Maine widow gets Agent Orange settlement

Posted Wednesday, June 29, 2011 in News

Maine widow gets Agent Orange settlement

Airplane spraying Agent Orange in Vietnam during the Vietnam War. Photo courtesy of the Department for Veterans' Affairs.

SOUTH PORTLAND – In 2000, Ethel Brown, the widow of a Vietnam War veteran, made a claim for benefits based on her belief that her husband had contracted stomach cancer and subsequently died because of Agent Orange exposure during his service in Vietnam. Thomas T. Brown Jr. had done two tours of duty in Vietnam and Ethel Brown contended that she should be granted DIC (Dependency and Indemnity Compensation) benefits. 

In 2008 Brown hired the law firm of Jackson & MacNichol to represent her when her claim had reached the Court of Appeals for Veterans' Claims in Washington, D.C. (Docket No. 07-2220). The firm persuasively briefed the case and on July 1, 2009, Judge Davis wrote a single-judge opinion reversing the unfavorable decision by the Board of Veterans' Appeals and remanding the case for a new hearing by the board.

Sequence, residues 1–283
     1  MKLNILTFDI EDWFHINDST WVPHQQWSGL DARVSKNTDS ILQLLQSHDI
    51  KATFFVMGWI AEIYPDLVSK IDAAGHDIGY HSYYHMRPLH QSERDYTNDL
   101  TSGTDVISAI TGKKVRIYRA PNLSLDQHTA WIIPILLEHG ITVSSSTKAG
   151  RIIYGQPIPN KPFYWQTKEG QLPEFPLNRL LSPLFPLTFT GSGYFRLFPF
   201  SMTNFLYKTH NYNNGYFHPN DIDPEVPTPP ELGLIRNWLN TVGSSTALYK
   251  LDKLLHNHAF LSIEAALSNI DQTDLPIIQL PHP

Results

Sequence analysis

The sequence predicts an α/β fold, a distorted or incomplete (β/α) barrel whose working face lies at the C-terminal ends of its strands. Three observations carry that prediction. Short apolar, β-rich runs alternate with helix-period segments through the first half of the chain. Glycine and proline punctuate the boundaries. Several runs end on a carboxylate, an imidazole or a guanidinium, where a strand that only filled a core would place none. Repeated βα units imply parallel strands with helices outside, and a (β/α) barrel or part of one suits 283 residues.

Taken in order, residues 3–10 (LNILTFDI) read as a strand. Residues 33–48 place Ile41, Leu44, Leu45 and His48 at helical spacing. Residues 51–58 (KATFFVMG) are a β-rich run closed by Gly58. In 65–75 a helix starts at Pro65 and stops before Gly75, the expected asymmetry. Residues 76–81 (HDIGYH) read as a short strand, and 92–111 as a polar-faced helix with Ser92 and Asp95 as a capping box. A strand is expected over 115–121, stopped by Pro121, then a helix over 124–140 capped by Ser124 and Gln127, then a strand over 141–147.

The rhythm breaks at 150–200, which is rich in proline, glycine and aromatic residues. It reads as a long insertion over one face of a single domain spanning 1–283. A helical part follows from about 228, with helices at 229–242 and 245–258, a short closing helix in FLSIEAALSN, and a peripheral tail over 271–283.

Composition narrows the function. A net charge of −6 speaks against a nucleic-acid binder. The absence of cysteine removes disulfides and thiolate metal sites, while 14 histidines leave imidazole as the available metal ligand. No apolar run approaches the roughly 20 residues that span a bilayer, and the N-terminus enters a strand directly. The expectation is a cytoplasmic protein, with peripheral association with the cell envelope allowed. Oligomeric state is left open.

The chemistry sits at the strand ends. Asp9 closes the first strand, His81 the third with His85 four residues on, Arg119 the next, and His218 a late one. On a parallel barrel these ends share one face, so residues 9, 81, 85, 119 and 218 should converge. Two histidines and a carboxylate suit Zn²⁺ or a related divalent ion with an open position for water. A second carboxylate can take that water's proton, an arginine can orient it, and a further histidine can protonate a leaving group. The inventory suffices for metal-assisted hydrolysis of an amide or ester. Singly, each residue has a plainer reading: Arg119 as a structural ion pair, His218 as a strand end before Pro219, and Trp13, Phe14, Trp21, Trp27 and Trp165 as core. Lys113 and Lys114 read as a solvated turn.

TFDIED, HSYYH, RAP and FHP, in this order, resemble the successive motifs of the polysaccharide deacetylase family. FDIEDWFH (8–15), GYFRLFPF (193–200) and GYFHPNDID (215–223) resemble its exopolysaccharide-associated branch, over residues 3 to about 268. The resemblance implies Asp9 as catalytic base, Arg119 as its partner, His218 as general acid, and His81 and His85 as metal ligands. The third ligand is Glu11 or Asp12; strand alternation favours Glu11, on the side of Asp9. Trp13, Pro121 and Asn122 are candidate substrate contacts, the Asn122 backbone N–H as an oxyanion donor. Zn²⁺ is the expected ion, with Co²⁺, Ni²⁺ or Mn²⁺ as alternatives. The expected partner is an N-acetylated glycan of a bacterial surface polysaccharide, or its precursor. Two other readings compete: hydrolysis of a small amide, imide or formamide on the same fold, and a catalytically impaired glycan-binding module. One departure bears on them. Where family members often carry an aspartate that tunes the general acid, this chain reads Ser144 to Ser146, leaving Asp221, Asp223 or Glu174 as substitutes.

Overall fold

The turning point of the case came when a local oncologist who is also a professor at the University of New England Medical School in Maine, Dr. Brian Dorsk, explained that although stomach cancer is not one of the many cancers that has been associated with Agent Orange, based on the limited studies available he felt that it was as probable as not that Brown’s stomach cancer was related to his exposure to Agent Orange. After weighing the medical opinions provided by the VA opposing Brown’s claim and Dorsk’s opinion that the chemicals which make up Agent Orange could have caused the cancer, the board found in Brown’s favor.

This was a huge victory because no one else in the country has succeeded in persuading the board that stomach cancer could be caused by Agent Orange.

Brown will now get her monthly benefits retroactive to the filing of her claim back in 2000.

blog comments powered by Disqus